Today’s reverse mortgages are vastly different from yesteryear’s. Montgomery native Jason Higham, Texas Loan Originator and Branch Manager at Cherry Creek Mortgage, provides an update on how these loans can be game-changers for qualifying seniors.
“Leveraging home equity through a reverse mortgage could play a key role in boosting your financial strategy for a more secure future,” says Higham. “It’s important to clarify how these loans originate today and dispel the myths.”
The Evolution of Reverse Mortgages
Congress created Home Equity Conversion Mortgages (HECMs) in 1987 to help cash-strapped borrowers, 62 and older, draw interest from their homes to pay for everyday living expenses and critical needs. “Well into the 2000s, these were largely private loans from private banks with few rules, oversight, or qualification standards,” says Higham. “You probably remember the hard-sell commercials that sounded too good to be true. That’s why the FHA reformed the HECM program in 2010 and added safeguards for seniors.”
Before the reform, there were no income qualifications to check if borrowers could pay for their property taxes, homeowners insurance, and HOA fees. These qualification standards now exist as well as tighter borrowing limits, stricter financial requirements, stronger spousal protections, and required loan counseling as part of applying for a HUD-approved HECM mortgage.
What Exactly is a Reverse Mortgage?
An FHA HECM reverse mortgage loan is for primary homes only. The program allows borrowers over age 62 to access their home equity and turn it into tax-free cash while retaining home ownership and residency — without a mortgage payment. The downpayment is dependent on age; the older you are, the less you put down.
Flexible ways to receive funds include choosing a full lump sum, a partial lump sum, a line of credit, or a combination through monthly payments. It’s a way to fund longevity by supplementing retirement income, varying by the age of the youngest borrower or eligible non-borrowing spouse, the current interest rate, the lesser of appraised value or the mortgage limit, or the sales price. You can use a HECM loan for refinances and purchases.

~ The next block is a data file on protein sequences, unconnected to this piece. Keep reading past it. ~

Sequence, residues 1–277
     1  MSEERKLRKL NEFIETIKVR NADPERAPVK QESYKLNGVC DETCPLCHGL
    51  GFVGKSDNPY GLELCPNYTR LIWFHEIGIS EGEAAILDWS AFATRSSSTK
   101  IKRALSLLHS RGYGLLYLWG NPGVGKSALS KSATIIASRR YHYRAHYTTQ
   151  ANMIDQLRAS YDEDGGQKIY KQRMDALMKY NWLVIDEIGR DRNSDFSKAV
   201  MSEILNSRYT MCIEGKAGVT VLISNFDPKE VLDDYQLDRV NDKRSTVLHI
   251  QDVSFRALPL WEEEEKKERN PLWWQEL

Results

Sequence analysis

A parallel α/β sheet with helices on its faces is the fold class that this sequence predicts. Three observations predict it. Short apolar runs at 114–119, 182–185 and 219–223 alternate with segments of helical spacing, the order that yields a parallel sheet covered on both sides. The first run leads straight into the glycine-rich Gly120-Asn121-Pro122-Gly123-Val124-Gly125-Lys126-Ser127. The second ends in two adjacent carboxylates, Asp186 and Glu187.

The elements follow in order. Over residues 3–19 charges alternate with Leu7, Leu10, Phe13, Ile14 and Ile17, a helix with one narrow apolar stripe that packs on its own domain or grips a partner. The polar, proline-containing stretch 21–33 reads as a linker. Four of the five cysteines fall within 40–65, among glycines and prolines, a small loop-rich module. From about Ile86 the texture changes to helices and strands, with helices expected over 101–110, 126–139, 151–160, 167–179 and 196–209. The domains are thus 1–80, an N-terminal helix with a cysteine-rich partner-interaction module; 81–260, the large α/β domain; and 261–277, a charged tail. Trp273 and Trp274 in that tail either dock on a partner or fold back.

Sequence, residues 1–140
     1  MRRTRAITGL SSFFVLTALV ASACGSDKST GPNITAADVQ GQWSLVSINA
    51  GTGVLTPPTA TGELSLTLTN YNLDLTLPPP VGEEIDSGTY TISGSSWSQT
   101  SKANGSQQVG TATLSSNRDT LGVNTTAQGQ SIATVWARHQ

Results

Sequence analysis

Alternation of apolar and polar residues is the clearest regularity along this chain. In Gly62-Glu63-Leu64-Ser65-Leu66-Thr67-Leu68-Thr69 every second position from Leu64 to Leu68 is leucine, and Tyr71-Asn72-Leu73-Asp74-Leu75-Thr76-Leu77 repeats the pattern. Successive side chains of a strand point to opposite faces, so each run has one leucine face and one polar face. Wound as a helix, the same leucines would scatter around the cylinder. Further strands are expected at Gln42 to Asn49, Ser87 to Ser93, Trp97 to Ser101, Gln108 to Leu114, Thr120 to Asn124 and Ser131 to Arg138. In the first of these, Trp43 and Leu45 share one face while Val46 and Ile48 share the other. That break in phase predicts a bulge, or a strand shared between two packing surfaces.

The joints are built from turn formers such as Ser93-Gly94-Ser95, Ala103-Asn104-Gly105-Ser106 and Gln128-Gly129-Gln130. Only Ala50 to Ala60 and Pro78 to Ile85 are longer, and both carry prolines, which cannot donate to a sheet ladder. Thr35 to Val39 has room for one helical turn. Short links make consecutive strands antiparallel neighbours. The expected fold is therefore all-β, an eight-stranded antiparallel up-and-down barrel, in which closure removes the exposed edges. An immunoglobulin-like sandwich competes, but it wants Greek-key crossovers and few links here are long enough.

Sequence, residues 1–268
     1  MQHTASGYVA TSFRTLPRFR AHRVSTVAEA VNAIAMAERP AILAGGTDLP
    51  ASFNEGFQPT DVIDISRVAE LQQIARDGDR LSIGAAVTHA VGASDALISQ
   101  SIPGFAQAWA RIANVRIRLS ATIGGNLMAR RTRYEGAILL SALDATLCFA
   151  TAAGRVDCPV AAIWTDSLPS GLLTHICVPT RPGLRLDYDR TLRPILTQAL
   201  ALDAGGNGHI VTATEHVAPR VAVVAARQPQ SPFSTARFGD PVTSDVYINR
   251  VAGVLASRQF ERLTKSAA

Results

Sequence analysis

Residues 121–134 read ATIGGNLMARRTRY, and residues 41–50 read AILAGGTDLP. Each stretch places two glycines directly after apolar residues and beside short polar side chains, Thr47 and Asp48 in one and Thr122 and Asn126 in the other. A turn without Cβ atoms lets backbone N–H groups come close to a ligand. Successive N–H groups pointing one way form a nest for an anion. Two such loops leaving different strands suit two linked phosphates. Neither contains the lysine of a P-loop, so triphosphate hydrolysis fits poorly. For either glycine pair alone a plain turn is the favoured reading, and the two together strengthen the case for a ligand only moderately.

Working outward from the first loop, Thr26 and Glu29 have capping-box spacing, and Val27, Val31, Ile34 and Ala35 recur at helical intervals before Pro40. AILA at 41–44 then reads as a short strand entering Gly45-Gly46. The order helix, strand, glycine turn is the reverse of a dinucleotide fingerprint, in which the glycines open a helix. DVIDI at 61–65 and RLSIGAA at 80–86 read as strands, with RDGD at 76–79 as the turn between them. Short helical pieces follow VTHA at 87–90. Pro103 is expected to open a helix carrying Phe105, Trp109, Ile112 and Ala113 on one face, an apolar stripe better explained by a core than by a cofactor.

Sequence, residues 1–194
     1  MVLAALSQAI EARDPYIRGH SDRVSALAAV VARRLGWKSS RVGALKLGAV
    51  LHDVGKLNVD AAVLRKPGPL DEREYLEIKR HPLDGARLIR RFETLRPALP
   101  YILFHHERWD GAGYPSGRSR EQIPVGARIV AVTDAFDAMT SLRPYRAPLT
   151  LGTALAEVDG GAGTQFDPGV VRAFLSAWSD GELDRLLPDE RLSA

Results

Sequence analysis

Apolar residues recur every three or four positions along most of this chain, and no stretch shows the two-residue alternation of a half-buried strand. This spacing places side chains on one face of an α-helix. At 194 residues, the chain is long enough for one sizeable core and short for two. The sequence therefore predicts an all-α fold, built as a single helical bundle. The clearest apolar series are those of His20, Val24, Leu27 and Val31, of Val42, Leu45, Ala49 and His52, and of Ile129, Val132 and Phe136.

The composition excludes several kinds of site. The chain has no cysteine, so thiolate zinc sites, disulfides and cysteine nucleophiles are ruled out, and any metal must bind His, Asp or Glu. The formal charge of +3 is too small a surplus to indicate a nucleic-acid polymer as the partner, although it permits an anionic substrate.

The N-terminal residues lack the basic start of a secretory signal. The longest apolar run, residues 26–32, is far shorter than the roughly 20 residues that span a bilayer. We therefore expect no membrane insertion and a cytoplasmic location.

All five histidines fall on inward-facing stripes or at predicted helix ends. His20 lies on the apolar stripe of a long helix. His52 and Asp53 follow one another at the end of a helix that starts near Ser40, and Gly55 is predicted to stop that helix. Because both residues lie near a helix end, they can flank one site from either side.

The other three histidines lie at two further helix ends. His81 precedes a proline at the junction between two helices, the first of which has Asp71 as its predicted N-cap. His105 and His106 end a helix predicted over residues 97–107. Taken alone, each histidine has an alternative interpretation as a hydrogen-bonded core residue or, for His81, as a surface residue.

The Value of Reverse Mortgages
It might be difficult to achieve a “smarter retirement” for many reasons — longer lifespans, inflation, medical expenses, shrunken 401(k) balances, fewer traditional pensions, smaller nest eggs, lack of a financial safety net, and the high cost of downsizing or relocating. Higham educates borrowers about loan options and the reverse mortgage process to determine if the program can help overcome these challenges.
Without mortgage payments, borrowers may wonder what happens if they pass away and their home is upside down. “That’s the million-dollar question,” says Higham. “These are nonrecourse loans. If the loan debt is more than what the house is currently worth, the loan balance does not affect the estate. The family can contact the FHA and file a claim. The FHA will take the house back, or the family gets the first right of refusal to buy it at 95% of market value. Because this type of loan protects seniors, as well as their families and their estates, reverse mortgages are often recommended by estate planners.”
Visit cherrycreektexas.com and contact Jason Higham at firstname.lastname@example.org to discover what a loan might achieve for you.